The poetry triptych Tres is likewise full of internal references that call on itself and are also embedded in his works elsewhere. There's the "immeasurable room in Hell", the "Atlantis moment", the "Neochilenos", and the "Unknown University". The latter is a kind of testing-ground for the curious vagabond (which is also to say the minor poet), a higher education institution that persists in the novels, poems, and letters. The poet is also fond of word labels or assignments:

... you arrive at the moment that you name the autumn and discover the stranger.
...
... the word kaleidoscope slips like saliva from her lips and then the scenes become transparent in something you could call the moan of the pale character or geometry around your naked eye.

The effect is rather like weaving a tapestry of reality. It is populating the universe with elements of one's own devising. An exercise in world-making. For Jarry, it's the Nowhere place, the pschittaworld of Ubu; for Bolaño the worlding of real viscerealismo, that is to say the abyss. 



The Anything Ubu Readalong Opportunity is initiated by Nicole (bibliographing) and Amateur Reader (Wuthering Expectations).

June 25, 2011

The Brief Wondrous Life of Oscar Wao (Junot Díaz)




Spoilers.

The short happy life of Oscar Wao, as told by Yunior, Junot Díaz's narrator and Oscar's best buddy, began with a disquisition on a curse and ended with an inversion of Kurtz's last words in Heart of Darkness. In-between was an excursion into the territories of the dictator novel, immigrant fiction, postmodernism, and post-LOTR venture. Somehow the book turned out to be a crowd-pleaser, one that pandered to a shallow expectation of what constitutes a "wondrous life".

The novel was angry with the Trujillato - the Trujillo dictatorship regime - in the Dominican Republic.

   ... You might roll your eyes at the comparison, but, friends: it would be hard to exaggerate the power Trujillo exerted over the Dominican people and the shadow of fear he cast throughout the region. Homeboy dominated Santo Domingo like it was his very own private Mordor; not only did he lock the country away from the rest of the world, isolate it behind the Plátano Curtain, he acted like it was his very own plantation, acted like he owned everything and everyone, killed whomever he wanted to kill, sons, brothers, fathers, mothers, took women away from their husbands on their wedding nights and then would brag publicly about "the great honeymoon" he'd had the night before. His Eye was everywhere; he had a Secret Police that out-Stasi'd the Stasi, that kept watch on everyone, even those everyones who lived in the States, a security apparatus so ridiculously mongoose that you could say a bad thing about El Jefe at eight-forty in the morning and before the clock struck ten you'd be in the Cuarenta having your cattleprod shoved up your ass. [224-225]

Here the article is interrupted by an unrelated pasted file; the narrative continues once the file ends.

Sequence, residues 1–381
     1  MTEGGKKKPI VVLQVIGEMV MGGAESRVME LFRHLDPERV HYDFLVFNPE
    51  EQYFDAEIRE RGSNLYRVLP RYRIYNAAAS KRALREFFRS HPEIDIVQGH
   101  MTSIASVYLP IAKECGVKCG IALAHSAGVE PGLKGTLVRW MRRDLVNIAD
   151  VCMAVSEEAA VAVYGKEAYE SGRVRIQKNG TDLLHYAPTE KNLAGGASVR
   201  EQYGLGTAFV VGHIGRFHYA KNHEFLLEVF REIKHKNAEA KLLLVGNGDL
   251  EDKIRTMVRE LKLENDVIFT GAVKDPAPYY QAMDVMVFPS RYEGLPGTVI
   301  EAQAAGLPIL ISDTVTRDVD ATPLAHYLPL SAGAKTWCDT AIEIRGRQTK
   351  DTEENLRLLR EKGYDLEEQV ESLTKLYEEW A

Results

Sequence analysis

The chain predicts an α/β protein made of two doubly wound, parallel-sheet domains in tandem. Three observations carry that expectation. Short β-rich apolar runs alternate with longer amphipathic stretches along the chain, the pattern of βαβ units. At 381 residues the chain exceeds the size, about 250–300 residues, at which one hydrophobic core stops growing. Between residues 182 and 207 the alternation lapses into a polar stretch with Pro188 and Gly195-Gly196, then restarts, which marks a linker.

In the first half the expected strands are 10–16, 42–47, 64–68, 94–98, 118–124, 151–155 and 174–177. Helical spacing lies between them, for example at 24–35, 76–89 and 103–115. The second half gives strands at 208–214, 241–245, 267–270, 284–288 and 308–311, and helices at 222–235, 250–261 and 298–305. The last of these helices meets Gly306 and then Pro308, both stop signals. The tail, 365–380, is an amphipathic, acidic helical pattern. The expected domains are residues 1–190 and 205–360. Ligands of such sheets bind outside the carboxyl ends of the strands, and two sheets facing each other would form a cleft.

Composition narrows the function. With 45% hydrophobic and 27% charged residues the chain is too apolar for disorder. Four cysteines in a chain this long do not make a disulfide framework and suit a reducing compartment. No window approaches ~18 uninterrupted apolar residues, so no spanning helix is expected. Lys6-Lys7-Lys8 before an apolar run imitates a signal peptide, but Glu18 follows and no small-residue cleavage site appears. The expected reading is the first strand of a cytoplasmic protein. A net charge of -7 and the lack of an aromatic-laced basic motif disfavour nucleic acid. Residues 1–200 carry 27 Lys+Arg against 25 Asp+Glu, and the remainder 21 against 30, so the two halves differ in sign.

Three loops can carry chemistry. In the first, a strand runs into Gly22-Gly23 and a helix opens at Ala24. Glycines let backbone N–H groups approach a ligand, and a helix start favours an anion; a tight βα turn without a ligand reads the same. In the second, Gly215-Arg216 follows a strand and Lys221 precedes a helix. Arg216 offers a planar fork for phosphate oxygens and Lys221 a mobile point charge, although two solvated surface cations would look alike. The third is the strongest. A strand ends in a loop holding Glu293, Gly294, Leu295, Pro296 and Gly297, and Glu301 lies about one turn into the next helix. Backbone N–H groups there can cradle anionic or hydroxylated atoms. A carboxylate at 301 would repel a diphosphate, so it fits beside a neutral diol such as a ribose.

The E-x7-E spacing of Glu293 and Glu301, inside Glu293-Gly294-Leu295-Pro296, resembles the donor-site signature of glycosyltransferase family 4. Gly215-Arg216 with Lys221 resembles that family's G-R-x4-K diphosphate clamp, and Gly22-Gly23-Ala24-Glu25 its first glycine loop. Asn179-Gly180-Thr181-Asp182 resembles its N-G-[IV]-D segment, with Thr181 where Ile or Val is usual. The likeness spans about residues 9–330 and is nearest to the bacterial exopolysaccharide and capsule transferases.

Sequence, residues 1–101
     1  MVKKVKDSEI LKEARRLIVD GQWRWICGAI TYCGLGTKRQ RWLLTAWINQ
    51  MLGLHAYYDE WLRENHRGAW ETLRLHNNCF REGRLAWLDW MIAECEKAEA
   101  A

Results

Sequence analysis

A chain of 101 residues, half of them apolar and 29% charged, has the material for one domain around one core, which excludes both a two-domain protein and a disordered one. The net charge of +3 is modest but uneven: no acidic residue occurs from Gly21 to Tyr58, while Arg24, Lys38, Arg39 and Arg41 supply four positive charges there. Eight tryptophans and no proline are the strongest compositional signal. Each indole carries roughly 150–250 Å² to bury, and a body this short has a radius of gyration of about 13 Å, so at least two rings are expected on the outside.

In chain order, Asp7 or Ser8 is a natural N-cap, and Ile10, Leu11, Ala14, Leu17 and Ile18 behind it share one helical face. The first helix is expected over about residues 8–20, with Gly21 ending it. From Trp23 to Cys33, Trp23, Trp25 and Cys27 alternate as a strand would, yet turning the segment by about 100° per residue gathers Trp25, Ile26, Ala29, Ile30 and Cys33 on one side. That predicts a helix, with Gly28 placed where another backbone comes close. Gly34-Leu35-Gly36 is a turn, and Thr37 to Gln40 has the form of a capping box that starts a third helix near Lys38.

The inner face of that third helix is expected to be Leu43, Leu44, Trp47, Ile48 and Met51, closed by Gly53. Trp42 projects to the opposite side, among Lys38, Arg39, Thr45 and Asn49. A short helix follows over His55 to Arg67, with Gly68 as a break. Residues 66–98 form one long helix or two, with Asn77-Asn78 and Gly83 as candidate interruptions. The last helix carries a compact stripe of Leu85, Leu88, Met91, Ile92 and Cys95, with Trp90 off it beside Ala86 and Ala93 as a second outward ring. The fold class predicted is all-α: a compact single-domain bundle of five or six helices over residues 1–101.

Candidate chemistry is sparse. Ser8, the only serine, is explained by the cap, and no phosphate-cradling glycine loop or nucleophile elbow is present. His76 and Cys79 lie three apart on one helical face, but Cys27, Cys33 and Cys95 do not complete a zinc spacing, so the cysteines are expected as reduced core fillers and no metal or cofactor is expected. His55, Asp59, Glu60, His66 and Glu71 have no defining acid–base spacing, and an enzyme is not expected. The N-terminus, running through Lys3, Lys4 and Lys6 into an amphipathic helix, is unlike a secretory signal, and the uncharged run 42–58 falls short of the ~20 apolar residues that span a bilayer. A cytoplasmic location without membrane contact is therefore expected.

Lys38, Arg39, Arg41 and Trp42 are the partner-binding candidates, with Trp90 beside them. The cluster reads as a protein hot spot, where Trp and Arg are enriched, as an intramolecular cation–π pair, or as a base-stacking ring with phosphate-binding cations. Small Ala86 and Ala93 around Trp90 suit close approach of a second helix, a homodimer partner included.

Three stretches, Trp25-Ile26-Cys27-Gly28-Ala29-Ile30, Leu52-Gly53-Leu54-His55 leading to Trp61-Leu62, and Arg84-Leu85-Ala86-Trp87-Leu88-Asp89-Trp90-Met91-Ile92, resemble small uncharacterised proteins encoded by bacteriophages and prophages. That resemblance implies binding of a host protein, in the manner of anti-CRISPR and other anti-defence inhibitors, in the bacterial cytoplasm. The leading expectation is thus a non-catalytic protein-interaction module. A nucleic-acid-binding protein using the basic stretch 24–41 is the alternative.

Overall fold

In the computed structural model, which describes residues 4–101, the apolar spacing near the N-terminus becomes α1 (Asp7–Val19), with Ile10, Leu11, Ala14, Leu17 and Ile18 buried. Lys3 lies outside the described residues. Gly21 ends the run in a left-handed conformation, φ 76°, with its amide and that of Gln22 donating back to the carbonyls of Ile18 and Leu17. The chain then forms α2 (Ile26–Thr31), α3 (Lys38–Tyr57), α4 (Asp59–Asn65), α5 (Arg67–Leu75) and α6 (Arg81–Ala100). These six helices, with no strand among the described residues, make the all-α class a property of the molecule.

Yunior's voice was laced with such scathing irony in the proceedings of Trujillo's tortures, abuses, crimes. Terrorist acts were committed and ample examples were given for Yunior to luxuriate in his supreme fury. His offenses were to the point. He never minced words. The dictatorship was presented as an infamy of rapes, sexual assaults, and male domination. He scored a lot of points describing the Sauron-incarnate on Earth. This reader was nodding his head and pumping his fists in the air, shouting "Down with El Jefe! Viva libertad!"

Trujillo isn't getting any reprieve from the devil. The generous servings of swear-words and curses of the narrator were not enough to lock down, reclusion perpetua, the soul of the dictator in hell. The unsubtle deployment of cuss words, the long and winding string of epithets were all sincerely meant to denounce the Ur-regime. Political correctness be damned. When it comes to violation of human rights, Yunior was boiling in his acerbic voice. He was - his greatest virtue as character - a consistent narrator. So consistent in fact that, for me, it became the novel's liability. The narrator - often depicted as a sexist brick - could get so carried away and become too indulgent in his twice-told tale.

No matter what you believe: in February 1946, Abelard was officially convicted of all charges and sentenced to eighteen years. Eighteen years! Gaunt Abelard dragged from the courtroom before he could say a word. Socorro [his wife], immensely pregnant, had to be restrained from attacking the judge. Maybe you'll ask, Why was there was [sic] no outcry in the papers, no actions among the civil rights groups, no opposition parties rallying to the cause? Nigger, please: there were no papers, no civil rights groups, no opposition parties; there was only Trujillo. [247]

Eighteen years! No papers! No rights groups! This passage was at a point in the narrative - about three-fourths into the book - where cruelty and abuses of a repressive regime were already more than apparent. Where the reader already had a more than vague idea that he was not reading about a saint running a government in deep shit.